The Moon Is Small Tonight
by Gay Baines

The moon is small tonight,
lemon-shaped. Earth is prisoned
in white; the pane is cold, shutters
cold, sky black. It is as if ice
pours from the moon, its squeezed
juice frozen tears. Yet we know
the sun’s light is hot, that on the moon’s
dusty surface nothing stirs. It cannot
turn away from the heat. It is fixed in
its yearly, loping, moon-by-moon
course, and shows the same
bright cheek in slices, night after day
after night, whether we see it or not.
As we turn away, the sun takes its heat
away from us. The dim glow from the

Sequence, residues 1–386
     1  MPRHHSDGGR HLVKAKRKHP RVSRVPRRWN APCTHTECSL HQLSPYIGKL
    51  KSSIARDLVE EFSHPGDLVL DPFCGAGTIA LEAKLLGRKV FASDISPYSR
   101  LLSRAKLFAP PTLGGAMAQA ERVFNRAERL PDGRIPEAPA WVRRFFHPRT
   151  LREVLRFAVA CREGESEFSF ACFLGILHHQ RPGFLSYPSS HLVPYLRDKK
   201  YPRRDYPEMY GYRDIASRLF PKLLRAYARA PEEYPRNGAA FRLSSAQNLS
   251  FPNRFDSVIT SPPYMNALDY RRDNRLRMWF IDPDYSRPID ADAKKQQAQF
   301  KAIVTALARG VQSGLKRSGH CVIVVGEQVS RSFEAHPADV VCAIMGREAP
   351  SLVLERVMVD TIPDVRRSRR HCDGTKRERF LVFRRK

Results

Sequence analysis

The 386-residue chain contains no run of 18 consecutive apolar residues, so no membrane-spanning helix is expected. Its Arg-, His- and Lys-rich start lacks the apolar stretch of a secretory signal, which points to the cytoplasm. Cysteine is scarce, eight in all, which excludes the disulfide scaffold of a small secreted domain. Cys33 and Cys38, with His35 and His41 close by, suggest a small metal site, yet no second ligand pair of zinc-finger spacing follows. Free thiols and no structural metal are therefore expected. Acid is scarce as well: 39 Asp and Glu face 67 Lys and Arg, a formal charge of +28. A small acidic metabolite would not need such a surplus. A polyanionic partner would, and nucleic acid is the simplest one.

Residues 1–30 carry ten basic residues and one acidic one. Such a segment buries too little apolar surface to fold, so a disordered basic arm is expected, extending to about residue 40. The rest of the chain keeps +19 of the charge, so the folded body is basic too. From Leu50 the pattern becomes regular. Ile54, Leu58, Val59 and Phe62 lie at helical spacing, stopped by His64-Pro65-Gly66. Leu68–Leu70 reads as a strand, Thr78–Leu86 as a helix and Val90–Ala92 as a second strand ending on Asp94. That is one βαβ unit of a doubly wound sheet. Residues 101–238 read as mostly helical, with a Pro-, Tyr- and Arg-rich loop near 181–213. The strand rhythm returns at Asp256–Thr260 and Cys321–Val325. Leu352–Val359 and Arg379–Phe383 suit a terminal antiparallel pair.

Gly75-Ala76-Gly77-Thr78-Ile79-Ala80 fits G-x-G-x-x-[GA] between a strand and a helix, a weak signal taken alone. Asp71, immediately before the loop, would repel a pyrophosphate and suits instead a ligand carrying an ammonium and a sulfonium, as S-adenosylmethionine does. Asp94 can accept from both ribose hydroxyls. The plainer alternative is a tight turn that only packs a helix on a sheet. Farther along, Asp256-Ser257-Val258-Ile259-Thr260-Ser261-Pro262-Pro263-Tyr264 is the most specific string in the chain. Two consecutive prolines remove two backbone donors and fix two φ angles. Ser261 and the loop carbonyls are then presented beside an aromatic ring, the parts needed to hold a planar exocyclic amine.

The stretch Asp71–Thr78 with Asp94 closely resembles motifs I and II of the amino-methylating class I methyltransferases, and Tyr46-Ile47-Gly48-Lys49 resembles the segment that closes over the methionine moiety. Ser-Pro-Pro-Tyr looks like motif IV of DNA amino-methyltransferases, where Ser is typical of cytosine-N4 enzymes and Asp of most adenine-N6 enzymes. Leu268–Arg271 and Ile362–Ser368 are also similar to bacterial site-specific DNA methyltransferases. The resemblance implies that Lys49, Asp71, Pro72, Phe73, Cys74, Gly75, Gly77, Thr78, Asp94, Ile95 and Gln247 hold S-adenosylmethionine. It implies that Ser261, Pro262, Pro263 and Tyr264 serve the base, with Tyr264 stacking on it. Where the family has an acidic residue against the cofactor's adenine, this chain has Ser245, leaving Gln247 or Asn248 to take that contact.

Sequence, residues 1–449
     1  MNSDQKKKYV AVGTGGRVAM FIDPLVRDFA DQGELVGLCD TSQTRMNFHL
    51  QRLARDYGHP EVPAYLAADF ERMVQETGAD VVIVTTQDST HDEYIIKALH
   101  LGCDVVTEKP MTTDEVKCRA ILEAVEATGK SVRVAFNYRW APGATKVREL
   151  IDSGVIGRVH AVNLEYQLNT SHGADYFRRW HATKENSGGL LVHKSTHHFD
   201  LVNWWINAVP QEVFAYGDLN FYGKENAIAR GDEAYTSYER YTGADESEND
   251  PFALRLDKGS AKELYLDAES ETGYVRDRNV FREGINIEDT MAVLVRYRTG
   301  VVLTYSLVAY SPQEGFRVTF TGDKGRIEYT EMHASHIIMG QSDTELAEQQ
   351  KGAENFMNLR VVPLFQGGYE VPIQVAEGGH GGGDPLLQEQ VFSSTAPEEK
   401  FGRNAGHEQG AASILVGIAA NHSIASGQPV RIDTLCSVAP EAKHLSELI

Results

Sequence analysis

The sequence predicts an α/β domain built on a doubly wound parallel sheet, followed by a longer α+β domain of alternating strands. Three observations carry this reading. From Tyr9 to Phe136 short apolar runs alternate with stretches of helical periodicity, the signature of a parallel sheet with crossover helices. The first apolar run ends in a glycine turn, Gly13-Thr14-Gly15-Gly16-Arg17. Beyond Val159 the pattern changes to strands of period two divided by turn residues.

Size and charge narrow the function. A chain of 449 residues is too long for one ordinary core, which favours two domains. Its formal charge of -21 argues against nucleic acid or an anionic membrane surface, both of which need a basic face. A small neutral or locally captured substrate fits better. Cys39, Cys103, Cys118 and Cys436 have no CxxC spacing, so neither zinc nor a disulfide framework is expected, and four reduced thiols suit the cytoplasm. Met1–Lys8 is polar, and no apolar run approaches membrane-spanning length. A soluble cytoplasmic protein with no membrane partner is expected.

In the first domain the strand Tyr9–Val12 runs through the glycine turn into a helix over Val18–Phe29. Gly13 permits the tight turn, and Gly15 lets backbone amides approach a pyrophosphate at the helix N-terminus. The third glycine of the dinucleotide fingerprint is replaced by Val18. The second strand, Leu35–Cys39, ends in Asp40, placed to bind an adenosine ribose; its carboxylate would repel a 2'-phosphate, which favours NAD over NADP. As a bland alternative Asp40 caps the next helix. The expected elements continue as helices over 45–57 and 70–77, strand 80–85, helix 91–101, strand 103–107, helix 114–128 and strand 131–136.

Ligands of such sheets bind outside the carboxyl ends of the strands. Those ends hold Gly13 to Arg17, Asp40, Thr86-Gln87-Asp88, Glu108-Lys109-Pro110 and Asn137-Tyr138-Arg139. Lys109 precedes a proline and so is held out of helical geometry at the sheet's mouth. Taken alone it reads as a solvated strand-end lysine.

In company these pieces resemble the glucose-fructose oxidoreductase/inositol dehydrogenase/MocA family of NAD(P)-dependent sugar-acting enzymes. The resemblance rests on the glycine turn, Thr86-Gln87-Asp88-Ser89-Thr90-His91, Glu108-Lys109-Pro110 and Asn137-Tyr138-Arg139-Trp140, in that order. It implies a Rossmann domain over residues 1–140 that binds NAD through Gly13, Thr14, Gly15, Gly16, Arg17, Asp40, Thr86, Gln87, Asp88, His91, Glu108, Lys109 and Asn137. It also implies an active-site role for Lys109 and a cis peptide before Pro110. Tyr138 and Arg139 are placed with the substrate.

moon’s hot face runs through the prism
like black water. To gaze at a partial
moon on a warm summer afternoon
and see a soft body, a beneficent presence
in the teal sky is folly.

 

Published in Cider Press Review, Volume 21, Issue 4.

Gay Baines lives in East Aurora, New York where she is a member of the Roycroft Wordsmiths. She holds a B.A. in English from Russell Sage College and has done graduate work at Syracuse University and SUNY – Buffalo. She won the National Writers Union Poetry Prize in 1991, Honorable Mention in the Ruth Cable Memorial Poetry Contest in 1996, and the 2008 Mary Roelofs Stott Award for poetry, as well as other prizes.

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